By Dave Andrusko
Even those determined to find a “difference” on the abortion issue between Hillary Clinton and Democratic Socialist Sen. Bernie Sanders need to work overtime to find an imaginary millimeter of separation. In fact, their positions are so indistinguishable, you couldn’t slide a piece of rice paper between them.
But that didn’t stop Perma Levy, writing for Mother Jones from fretting. She concludes
But in a primary campaign that has seen the candidates and their backers parse the slightest differences in their platforms, the late-term abortion debate represents a meaningful divide between Clinton and Sanders on a high-profile issue.
Last week, when finally asked about abortion (in the seventh debate), Sanders responded to Bret Baier’s inquiry, “Can you name a single circumstance at any point in a pregnancy in which you would be okay with abortion being illegal?” this way:
“It’s not a question of me being okay. Let me be very clear about it. I know not everybody here will agree with me. I happen to believe that it is wrong for the government to be telling a woman what to do with her own body.
Baier gave Sanders a chance to retool his answer, offering that “some Democrats” might call a halt after 5 months (“with the exception of the life of the mother or the health of the baby”). Sanders responded, “I am very strongly pro-choice. That is a decision to be made by the woman, her physician and her family. That’s my view.”
Levy “parsed” Clinton’s have-it-both-ways answer and concluded, “Clinton seems to support limited bans on late-term abortions after a fetus is viable (about 24 weeks into a pregnancy).” See if you agree.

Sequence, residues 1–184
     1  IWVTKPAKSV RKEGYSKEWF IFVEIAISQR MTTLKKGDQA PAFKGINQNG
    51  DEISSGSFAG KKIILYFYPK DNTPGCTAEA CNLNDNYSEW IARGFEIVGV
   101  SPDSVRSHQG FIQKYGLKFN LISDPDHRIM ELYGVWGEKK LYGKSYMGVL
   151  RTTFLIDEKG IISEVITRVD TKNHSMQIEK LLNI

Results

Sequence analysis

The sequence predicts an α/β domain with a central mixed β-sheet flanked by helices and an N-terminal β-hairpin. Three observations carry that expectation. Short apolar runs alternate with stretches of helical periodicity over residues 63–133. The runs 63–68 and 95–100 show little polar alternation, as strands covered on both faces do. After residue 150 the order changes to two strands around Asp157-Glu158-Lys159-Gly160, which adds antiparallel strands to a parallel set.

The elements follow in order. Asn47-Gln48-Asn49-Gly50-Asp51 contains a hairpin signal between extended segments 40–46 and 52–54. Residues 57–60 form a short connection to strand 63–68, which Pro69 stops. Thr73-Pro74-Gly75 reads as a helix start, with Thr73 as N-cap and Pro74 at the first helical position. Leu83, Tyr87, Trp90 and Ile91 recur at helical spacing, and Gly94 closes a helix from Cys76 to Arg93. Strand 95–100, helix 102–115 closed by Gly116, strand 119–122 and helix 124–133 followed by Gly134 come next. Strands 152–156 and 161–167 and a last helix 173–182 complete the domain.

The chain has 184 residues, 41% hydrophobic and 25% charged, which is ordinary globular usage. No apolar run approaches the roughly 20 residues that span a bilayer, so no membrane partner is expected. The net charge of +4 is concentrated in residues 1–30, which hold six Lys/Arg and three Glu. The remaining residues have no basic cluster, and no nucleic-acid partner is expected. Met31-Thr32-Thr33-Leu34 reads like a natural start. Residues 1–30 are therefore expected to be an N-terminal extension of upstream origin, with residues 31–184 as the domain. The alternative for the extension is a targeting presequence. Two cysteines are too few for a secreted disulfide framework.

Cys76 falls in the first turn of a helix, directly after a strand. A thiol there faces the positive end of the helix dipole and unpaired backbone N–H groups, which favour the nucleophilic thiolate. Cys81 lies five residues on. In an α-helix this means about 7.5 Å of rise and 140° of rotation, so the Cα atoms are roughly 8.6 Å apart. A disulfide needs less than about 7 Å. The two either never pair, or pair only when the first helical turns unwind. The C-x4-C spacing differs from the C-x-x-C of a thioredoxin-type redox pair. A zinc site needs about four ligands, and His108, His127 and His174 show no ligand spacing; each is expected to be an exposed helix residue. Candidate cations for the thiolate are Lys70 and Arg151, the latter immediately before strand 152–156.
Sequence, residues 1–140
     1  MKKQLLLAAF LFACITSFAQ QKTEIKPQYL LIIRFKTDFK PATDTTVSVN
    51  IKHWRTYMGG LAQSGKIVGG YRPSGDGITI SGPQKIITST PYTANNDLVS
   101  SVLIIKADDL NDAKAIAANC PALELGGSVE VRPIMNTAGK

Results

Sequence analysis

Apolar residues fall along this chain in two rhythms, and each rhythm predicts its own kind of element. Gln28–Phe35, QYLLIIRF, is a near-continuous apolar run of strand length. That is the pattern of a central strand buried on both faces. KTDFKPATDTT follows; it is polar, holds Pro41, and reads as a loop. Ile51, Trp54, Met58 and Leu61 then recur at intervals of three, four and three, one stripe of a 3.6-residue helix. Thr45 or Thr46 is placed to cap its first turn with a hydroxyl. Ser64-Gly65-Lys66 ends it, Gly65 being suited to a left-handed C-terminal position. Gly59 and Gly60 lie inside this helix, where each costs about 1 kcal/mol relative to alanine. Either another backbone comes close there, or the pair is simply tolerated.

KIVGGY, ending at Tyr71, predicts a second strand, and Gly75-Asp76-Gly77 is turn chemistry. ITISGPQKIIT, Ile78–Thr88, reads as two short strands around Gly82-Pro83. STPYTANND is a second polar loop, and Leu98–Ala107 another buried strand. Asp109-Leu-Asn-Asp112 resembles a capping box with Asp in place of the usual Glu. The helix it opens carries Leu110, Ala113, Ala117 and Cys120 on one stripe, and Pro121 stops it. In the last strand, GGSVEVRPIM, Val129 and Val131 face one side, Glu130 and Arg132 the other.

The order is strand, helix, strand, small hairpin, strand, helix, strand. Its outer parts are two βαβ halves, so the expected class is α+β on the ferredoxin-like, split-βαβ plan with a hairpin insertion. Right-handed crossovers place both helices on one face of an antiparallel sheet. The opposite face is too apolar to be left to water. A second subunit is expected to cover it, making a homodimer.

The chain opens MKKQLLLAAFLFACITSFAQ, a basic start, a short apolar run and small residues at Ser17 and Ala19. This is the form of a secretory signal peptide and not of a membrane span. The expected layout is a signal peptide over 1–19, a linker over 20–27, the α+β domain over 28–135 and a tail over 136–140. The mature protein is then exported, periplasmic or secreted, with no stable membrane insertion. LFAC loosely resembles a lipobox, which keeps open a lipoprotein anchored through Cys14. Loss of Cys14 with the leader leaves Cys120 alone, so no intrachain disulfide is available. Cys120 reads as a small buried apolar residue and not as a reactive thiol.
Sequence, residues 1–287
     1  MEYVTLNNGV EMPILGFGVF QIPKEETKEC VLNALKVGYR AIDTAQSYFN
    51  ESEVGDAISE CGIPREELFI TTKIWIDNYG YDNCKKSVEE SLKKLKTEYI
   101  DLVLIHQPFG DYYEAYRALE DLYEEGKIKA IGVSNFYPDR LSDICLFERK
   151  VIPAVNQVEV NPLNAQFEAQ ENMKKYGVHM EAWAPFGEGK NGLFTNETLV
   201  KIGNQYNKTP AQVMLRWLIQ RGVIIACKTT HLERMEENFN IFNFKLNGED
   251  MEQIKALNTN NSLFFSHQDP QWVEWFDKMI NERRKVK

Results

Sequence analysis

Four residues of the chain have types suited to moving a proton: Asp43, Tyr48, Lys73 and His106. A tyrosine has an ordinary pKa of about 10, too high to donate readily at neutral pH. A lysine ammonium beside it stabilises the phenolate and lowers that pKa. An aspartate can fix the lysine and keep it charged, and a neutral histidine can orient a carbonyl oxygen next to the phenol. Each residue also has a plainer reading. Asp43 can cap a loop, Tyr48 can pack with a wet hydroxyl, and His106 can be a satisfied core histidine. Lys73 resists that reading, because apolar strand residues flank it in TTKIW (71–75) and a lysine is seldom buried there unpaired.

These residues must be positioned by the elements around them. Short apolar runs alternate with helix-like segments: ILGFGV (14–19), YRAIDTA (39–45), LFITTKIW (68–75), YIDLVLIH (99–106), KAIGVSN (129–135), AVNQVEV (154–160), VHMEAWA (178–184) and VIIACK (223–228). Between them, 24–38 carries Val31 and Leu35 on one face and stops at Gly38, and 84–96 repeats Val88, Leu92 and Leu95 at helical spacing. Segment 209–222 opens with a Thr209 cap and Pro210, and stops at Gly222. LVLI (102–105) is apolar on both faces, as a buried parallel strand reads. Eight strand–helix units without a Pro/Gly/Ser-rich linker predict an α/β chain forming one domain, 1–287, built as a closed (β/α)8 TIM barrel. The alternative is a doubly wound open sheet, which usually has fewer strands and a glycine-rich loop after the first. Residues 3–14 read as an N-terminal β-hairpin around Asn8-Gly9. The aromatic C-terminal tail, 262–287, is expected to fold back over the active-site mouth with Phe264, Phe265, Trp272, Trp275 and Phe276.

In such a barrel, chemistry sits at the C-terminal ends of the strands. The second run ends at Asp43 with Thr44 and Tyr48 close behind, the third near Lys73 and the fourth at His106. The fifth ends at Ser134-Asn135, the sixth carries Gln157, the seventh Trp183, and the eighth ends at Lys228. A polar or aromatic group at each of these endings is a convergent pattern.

Asked by Baier if there “should not be any restrictions on any abortions at any stage in a pregnancy,” Clinton rolled out the abortion is a “highly personal decision with their family in accordance with their faith, with their doctor” answer before segueing to the Texas law currently before the Supreme Court.
Baier tried again, asking Clinton. “Just to be clear, there’s no — without any exceptions?”
Being “clear” was not Clinton’s objective, that night or any night. She retreated to the safety of “I have been on record in favor of a late pregnancy regulation that would have exceptions for the life and health of the mother.”
Of course, Clinton has been rolling out that “position” for the longest time even though as a United States senator, she voted against a ban on partial-birth abortions.
And by including the all-purpose “health” exceptions escape clause, as Clinton did, operationally she accepted absolutely no exceptions while mouthing words that falsely imply she would limit abortion at some point.
As we wrote last week, what did her full answer to Baier tell us?
Clinton’s against requiring abortionists to have admitting privileges at a nearby hospital and requiring abortion clinics to meet the standards of ambulatory surgical centers (the Supreme Court case).
She’s against a ban on abortions performed on babies capable of experiencing excruciating pain while they are being killed (the “after 20 weeks” reference).
Clinton is against a ban on any abortion performed at any point in pregnancy unless you can make the “ban” totally inoperable in practice by including the health exception.
When queried by Levy, the Abortion Industry–represented by NARAL and the Planned Parenthood Action Fund— and its media apologists–represented by Amanda Marcotte– had not the slightest qualm about anything Clinton said.
They know her, they know she is one of them, they know she would fight to restore full federal funding of abortion. They also know Clinton fervently believes in exporting abortion throughout the world.
But they are all politely savvy enough to know that their position is wildly unpopular with the public and thus they will never, ever expect Clinton to straightforwardly say she agrees with them–at least not in public.